“It was really memorable. We got to see the statue of Abraham Lincoln and we went next to the White House. It was really nice. And it was the biggest conference that I have ever been to. It was a big step for me because I am from a country that wasn’t so focused heavily on STEM and I had never been to a conference where it was heavily focused on STEM.”

The National TSA Conference in Washington D.C. helped Tewolde explore more of her passion for STEM. She had never been so heavily involved in STEM, and TSA helped her jumpstart into that and sparked her passion for STEM. 

Tewolde got into UC Berkeley this year in March. 

“I applied to UC Berkeley because it was a good school. I wasn’t planning on going to Berkeley. My dream schools were NYU and Stanford. I dreamed about those schools for so long. First NYU came and I didn’t get in, and I was really sad. On the day that Columbia came out, Berkeley also came out, and I kind of forgot and my friend texted me and she didn’t know how to access the portal, and I said ‘What portal?’ and she said ‘Berkeley.’ and I was like ‘Oh! That school is coming out and I clicked on my portal and ‘view decision’ and I was about to close the tab because I was expecting a rejection and right before I was about to close it, I saw ‘Congratulations!’ or something like that in the first sentence and I stared at it for like 5 seconds. I was kind of like in disbelief and then I just went and told my family everything.” 

She will be studying chemical biology and minoring in bioengineering. 

At Terrace, Tewolde has made a great impact. Inspiring many students in the STEM program to achieve her level of passion and drive for her field of study. Her favorite memories at Terrace were mostly centered in STEM and TSA. 

“I was more involved in that area. My favorite memories were going to TSA Nationals.”

Tewolde enjoyed the experience of going to Nationals. In her junior year, she and her friends went to Dallas, Texas to compete, making some of her favorite memories of high school. Even though COVID shortened her high school experience, she still made many memories in her senior year, particularly through TSA. 

“It was kind of hard to form memories because of COVID. Before freshman year ended in March, we went into total lockdown and sophomore year was a blank, and junior year was like when you are trying to climb up to the normal lifestyle. Then senior was when I started making more memories,” she said.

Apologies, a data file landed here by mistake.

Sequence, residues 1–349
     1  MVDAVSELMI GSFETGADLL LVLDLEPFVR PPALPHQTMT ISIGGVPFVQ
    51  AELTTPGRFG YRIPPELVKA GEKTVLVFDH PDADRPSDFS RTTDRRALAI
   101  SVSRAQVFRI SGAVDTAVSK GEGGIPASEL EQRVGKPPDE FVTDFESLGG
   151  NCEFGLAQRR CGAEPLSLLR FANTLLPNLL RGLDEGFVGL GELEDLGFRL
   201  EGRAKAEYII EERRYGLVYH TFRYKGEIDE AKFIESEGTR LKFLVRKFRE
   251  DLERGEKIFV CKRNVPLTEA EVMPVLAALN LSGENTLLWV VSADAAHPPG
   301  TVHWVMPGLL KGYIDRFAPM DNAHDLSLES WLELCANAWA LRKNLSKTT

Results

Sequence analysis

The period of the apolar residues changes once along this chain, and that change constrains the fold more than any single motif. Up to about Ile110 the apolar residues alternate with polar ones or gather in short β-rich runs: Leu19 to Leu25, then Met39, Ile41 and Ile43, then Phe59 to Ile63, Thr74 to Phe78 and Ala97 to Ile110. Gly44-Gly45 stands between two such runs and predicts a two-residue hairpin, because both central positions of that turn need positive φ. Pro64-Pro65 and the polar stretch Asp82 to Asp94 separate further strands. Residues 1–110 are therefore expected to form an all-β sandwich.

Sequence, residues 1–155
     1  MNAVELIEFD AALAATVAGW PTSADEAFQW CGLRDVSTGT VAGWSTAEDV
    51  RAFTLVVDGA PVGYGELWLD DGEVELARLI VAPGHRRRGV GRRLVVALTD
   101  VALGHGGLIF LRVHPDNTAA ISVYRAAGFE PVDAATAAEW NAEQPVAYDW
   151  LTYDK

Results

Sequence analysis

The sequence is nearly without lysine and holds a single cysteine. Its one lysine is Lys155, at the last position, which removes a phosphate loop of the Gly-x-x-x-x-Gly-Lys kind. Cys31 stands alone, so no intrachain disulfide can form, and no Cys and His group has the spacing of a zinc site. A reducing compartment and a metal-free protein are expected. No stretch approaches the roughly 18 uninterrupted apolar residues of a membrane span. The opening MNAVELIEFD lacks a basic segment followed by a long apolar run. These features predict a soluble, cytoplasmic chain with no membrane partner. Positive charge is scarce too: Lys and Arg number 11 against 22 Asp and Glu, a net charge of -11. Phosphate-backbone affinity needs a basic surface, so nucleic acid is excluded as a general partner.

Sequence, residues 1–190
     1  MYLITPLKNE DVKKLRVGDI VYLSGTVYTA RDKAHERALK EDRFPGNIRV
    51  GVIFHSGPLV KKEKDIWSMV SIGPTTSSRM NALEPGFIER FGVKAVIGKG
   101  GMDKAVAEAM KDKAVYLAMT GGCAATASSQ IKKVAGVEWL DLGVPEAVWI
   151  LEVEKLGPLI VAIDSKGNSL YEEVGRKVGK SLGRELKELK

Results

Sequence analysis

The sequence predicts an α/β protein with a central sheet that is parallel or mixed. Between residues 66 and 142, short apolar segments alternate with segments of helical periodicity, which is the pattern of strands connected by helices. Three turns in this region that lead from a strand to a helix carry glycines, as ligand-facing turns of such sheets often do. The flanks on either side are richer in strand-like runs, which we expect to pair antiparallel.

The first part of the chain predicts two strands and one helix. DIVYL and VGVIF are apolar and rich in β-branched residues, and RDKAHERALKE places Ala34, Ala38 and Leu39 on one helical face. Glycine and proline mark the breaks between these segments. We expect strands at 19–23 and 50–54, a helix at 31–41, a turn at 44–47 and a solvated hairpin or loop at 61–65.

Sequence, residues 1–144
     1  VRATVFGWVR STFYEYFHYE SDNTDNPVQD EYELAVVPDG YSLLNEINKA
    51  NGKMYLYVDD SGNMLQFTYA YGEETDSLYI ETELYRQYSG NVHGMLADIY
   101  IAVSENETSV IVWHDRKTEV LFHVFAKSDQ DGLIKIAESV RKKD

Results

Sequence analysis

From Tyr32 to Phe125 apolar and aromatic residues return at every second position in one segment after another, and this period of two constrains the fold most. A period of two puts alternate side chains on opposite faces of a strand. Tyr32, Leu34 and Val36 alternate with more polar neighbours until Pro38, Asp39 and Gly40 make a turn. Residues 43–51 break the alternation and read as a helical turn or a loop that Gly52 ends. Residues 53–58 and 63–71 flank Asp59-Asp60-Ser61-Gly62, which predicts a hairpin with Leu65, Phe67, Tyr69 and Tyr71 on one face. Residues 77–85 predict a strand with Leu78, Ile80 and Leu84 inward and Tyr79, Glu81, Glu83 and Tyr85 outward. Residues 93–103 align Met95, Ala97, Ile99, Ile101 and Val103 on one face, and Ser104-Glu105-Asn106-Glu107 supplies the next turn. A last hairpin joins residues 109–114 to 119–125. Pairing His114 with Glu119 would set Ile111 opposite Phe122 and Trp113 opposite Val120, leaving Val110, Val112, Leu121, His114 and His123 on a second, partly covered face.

To get to where she is today, she did many different things. 

“I tried to challenge myself and set high expectations for myself cause I feel like you kind of do get what you expect…when you push yourself you get what you expect. Some of the factors were taking AP classes,” she said. “I think those helped me challenge myself and everything. But also STEM for sure. The majority of things that helped me in the academic area were the internships and research that I did outside of school.”

Tewolde did a lot of research outside from her STEM 12 Research Project.

“I did two research projects outside of school. I did an internship at Fred Hutch, working in [a] lab which focuses on lung cancers that come from genetics, not smoking,” she said. “[The other] one that I did, I was mostly a research assistant… the project was basically studying women with disabilities and STD rates in Nigeria. I assisted in that research and I also learned about that too… The one from Fred Hutch has not been published yet, but the one from UW just got published maybe two weeks ago. I think that those things really helped me a lot.”

Tewolde said she feels that her internships and research have helped her with her acceptance to Berkeley.

 “Grades and classes do matter for me but for the field of STEM especially, experience matters and also research and hands-on work. At the end of the day, if you work hard, you will get the grades, but I don’t think that it would prepare you for the career that you want.”

Being in the STEM program at Terrace, Tewolde credits the program as helping her further her interest in medicine and research. 

“A lot of the basic skills that I learned helped me for the basis when I was interning at Fred Hutch,” she said. 

Tewolde said she is really excited to start her next chapter at Berkeley and call California her home for the next four years. She also has more plans for the future. 

About the Contributors
Ciara Constantino, Hawkeye Staff
Ciara Constantino joined HSM this year to learn how to be a journalist and to expand her writing passion. Aside from journalism, she is in Key Club and Chamber Choir. During her free time she plays her instruments, mainly piano and guitar. She also reads, and her favorite book is “Patron Saints of Nothing” by Randy Ribay. Her favorite things to do are to drink boba, rewatch Disney/Nickelodeon shows from her childhood, nap, and sketch cartoons and album covers while listening to her playlists.
Mylin Nguyen, Hawkeye Staff